Carrying on with the Christmas film viewings and I have watched another that makes my annual list. The Muppet Christmas Carol tends to be a film that splits the audience. Some people absolutely love it and others class it as one of the worst films they have ever seen. Considering I own a giant cinema poster for the film that was from its release, it’s safe to say that I am definitely in the former and nothing gets me in the Christmas spirit more than singing along to the songs from the film. But more on that later! The Muppet Christmas Carol is an adaptation of Charles Dickens’ A Christmas Carol which follows the miserable bookkeeper, Ebenezer Scrooge, a man hellbent on misery especially during the Christmas season. On Christmas Eve night, he is visited by the ghost of his former business partner, Bob Marley who is bound in chains as punishment for how he treated people and subsequent Ghosts of his Past, Present and Future, who show him the kind of person he was, is and will be. By doing this, they allow Scrooge to evaluate his behaviour and turn it around before he is doomed to the same fate as Marley.
The Muppet Christmas Carol features all of your favourite Muppet characters with Kermit the Frog as Bob Cratchit, Gonzo as Dickens and Miss Piggy as Mrs Cratchit. Topping off the bill is Michael Caine as Scrooge and it works so well. Caine’s approach to filming was to treat his Muppet costars as if they were dramatic human actors and the result is a performance that feels completely sincere and moral, getting in touch with the message of the original story. Not only is this a fantastic adaptation of the Dickens material but it is done in a way that is fun and accessible for audiences of all ages.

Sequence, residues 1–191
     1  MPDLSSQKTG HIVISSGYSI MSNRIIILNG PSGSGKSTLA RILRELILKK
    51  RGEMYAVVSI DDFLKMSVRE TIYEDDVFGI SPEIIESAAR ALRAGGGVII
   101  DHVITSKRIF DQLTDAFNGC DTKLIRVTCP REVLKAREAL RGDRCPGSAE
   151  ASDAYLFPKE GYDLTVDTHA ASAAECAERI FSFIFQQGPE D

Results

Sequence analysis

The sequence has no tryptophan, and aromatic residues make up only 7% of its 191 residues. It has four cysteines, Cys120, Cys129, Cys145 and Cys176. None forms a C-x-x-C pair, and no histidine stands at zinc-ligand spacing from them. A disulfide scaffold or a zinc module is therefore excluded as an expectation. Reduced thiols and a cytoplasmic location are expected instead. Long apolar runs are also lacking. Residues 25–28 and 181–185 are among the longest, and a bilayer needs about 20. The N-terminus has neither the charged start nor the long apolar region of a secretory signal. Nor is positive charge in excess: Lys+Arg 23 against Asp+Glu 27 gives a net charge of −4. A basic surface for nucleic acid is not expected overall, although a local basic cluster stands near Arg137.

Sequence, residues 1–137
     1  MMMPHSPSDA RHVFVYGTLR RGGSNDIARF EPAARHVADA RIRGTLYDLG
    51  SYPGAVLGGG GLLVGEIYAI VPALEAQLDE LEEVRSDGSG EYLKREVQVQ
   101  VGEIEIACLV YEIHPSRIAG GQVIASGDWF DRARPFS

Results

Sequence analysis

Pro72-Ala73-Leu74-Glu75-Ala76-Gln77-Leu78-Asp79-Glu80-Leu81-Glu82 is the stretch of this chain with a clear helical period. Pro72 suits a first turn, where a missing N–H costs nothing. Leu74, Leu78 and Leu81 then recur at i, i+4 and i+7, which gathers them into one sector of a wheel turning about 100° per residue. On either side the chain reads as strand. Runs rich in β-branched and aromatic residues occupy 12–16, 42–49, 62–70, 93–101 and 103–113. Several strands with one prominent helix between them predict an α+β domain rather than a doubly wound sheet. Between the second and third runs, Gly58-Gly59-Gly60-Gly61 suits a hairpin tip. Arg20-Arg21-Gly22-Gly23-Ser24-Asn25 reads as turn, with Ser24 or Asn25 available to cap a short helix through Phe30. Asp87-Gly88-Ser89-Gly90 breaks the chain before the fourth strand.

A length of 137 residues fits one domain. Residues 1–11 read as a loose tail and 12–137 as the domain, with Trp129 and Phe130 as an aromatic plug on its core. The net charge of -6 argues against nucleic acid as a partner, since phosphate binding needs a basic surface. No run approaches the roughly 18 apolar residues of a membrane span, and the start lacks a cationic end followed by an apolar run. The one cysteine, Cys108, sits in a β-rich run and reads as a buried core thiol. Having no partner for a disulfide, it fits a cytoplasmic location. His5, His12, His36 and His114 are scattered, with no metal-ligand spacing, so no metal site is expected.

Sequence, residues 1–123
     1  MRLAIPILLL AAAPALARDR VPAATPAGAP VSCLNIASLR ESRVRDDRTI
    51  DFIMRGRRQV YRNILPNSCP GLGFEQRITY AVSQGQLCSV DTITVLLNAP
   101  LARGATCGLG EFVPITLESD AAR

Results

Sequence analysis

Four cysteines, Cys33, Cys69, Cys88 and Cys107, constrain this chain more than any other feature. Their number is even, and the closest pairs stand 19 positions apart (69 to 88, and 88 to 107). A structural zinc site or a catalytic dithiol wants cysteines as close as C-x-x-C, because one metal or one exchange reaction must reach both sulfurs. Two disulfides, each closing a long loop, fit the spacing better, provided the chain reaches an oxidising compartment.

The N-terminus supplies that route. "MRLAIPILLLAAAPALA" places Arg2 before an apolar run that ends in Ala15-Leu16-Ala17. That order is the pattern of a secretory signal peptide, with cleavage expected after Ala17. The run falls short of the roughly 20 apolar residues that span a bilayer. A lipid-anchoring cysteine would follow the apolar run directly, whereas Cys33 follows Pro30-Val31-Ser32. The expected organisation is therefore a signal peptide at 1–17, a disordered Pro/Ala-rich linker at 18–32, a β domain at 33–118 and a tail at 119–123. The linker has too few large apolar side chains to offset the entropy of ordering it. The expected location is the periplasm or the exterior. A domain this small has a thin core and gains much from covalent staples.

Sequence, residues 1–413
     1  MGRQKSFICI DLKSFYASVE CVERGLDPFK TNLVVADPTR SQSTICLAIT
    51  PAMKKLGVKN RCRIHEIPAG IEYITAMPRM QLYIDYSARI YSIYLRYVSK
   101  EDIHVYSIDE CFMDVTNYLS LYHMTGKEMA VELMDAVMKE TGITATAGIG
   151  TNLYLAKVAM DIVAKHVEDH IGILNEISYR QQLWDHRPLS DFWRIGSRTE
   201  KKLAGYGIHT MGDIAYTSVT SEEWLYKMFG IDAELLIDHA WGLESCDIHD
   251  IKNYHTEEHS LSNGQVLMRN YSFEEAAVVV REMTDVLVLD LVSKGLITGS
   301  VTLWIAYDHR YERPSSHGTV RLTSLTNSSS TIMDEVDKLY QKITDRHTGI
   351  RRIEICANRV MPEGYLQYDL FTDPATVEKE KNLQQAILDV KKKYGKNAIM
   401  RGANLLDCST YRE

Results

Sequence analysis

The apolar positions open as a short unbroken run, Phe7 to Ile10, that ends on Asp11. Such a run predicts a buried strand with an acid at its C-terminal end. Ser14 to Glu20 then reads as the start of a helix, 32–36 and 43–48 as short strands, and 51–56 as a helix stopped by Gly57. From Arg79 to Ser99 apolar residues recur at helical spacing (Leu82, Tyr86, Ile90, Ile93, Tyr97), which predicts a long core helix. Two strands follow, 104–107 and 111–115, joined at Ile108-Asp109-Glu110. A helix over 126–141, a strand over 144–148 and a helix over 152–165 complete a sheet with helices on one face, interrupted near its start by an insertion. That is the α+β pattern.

Caine’s performance as Scrooge is actually among my favourites of his career. This may seem a bit odd considering the wide variety of “serious” films Caine has starred in over the decades but as stated before, his approach and the result is worthy to be up there. We really feel Scrooge’s emotional journey as he starts off as someone incapable of empathy and ends as someone who embraces their community. The turning point for his performance comes during his time with the Ghost of Christmas Present. This also happens to be my favourite segment in the film as it features the best song, “It Feels Like Christmas”, and is where the film begins to shift in tone from dark and gritty to uplifting and festive. Scrooge begins to truly see the ripple effect of his actions as we looks on at his nephew’s household as well as the Cratchit family where he becomes drawn by the youngest member, the sickly Tiny Tim.
Another highlight in this film is definitely the music and songs. I have already touched on this with “It Feels Like Christmas” but the opening number “Scrooge” really sets up the film fantastically as well. We follow behind Scrooge as he makes his way to work as everyday people sing about his miserable and selfish nature. Even before we see his face, we get a clear and well-rounded image of his character while watching lots of cute Muppets in adorable costumes harmonising in their signature way. The score composed by Miles Goodman is clearly inspired by Christmas Carol tunes, Victorian sounds and the uplifting Muppet music. The result is something that sounds timeless and fits well within the Muppet discography while maintaining a distinct and unique score. The same can be said about the songs written by Paul Williams. Using the text by Dickens for much of the lyrical inspiration, he really captures Dickens’ London while maintaining that Muppet feel.
There is no doubt that Jim Henson was a genius and this film marks the end of an era. Made in his memory, it is the perfect swansong to an illustrious career that was defined by bringing happiness and imagination to audiences of all ages. The Muppet Christmas Carol remains one of the best Muppet outputs of all time as well as a memorable and beautiful project of passion.
What do you think of The Muppet Christmas Carol? Let me know in the comments below!
The Muppet Christmas Carol is streaming on Disney+ so be sure to catch it as soon as you can.